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Obsessive compulsive disorder (OCD) and fear are closely linked. A form of anxiety disorder, OCD is usually associated with fear and in some cases, people with this condition develop phobias. OCD is treatable with medications and therapy. Although people have this condition for life, they can manage it and address some of the more disruptive aspects of OCD.
People with OCD develop obsessions, often rooted in fear, and use coping methods known as compulsions or rituals to manage them. The link between OCD and fear starts with the development of obsessions. People may start to develop obsessions about things like making sure the stove is turned off before leaving the house or securing the windows before going to bed at night. These obsessions are based on a fear of something happening, like the house catching on fire or someone breaking in at night.
Obsessions are managed by following a precise series of steps, or acting out a compulsion or ritual. Sometimes compulsions can become extremely complex and in some people with OCD, they may not always be directly related to an obsession. Often, they get more complex over time. OCD and fear feed off each other, as the patient develops new obsessions and compulsions for managing them. People with OCD also fear the intrusive thoughts associated with compulsions. These thoughts can be disturbing and violent and they are impossible to control.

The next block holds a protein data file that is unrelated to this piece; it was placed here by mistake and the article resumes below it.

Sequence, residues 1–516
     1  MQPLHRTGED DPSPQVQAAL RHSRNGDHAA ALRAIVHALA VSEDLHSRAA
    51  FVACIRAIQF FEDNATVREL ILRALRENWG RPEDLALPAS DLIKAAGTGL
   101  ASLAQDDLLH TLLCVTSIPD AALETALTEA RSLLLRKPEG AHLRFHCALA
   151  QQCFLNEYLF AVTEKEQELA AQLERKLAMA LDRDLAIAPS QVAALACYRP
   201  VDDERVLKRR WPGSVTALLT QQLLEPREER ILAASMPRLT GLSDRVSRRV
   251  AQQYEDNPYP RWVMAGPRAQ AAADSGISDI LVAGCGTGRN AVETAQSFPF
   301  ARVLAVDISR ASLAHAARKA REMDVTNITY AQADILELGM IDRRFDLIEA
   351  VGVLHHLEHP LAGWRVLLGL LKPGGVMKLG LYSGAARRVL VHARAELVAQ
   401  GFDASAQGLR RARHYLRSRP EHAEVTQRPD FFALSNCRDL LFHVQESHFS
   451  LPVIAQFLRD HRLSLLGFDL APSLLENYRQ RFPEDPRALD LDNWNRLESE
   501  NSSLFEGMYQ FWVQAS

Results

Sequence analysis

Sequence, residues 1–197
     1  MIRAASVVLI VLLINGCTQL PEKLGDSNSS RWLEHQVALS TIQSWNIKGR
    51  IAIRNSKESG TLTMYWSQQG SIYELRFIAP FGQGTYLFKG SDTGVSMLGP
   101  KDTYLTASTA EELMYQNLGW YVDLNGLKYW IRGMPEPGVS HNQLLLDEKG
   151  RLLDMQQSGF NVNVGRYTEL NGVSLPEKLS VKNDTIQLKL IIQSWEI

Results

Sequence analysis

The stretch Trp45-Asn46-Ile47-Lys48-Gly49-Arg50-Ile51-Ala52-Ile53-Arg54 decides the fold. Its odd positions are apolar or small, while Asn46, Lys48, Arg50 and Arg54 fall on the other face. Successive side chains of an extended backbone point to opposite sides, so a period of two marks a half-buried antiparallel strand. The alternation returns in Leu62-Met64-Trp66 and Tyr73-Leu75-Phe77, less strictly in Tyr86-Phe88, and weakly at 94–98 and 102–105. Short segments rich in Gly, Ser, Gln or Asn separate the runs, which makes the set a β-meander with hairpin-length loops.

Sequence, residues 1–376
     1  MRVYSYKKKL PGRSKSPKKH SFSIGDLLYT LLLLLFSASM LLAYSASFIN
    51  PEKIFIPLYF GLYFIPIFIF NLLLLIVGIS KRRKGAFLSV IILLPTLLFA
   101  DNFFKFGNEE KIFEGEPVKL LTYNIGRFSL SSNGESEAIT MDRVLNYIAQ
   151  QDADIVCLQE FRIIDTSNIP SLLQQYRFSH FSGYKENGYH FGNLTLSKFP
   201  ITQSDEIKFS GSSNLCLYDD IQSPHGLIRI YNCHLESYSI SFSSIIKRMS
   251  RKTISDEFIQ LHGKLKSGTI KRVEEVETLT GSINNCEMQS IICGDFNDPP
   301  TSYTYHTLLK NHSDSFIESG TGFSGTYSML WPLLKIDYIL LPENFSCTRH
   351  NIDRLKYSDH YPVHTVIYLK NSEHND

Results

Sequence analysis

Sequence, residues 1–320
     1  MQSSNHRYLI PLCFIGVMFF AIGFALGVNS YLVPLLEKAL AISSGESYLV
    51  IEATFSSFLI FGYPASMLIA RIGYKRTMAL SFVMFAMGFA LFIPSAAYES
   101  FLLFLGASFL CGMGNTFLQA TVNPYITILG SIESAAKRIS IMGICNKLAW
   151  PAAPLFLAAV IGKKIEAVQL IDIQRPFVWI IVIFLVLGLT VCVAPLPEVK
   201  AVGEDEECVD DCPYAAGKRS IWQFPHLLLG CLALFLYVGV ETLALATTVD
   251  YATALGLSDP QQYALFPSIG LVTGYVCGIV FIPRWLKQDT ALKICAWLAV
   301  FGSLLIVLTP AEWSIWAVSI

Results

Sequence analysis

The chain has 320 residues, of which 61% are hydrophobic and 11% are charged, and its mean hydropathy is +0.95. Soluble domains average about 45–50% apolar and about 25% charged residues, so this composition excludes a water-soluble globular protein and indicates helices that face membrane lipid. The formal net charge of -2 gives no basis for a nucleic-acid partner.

People with OCD can develop other anxiety disorders, as well as conditions like depression. Recognizing the connection between OCD and fear, doctors treating patients with OCD are careful to address all fears patients express in sessions, even if they seem minor. Failing to discuss something can result in the development of a new obsession and associated compulsions. However, it is important to understand that OCD is not caused by fear. OCD and fear are linked because people with OCD are more susceptible to fears.
There are a variety of ways to manage OCD. Some patients benefit from taking medications, including anti-anxiety medications to address their OCD and fear. Antidepressants may be used in treatment as well. Therapy with a mental health professional can be beneficial, offering patients an opportunity to work through obsessions in a safe and controlled environment. Patients can develop a treatment plan for avoiding or controlling compulsions and work on coping skills for managing obsessions. Patients with OCD can also develop symptoms like panic attacks that may need to be managed with medications, breathing exercises, and other treatment tools.